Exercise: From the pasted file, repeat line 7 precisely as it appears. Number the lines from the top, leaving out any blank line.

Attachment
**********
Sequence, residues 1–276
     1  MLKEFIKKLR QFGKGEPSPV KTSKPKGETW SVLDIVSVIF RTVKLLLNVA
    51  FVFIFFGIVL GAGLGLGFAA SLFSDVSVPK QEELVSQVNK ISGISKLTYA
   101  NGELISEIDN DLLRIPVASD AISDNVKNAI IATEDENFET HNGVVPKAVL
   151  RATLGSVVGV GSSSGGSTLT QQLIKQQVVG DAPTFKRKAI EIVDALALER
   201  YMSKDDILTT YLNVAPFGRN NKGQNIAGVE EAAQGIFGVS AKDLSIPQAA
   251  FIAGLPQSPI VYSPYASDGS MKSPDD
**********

   251  FIAGLPQSPI VYSPYASDGS MKSPDD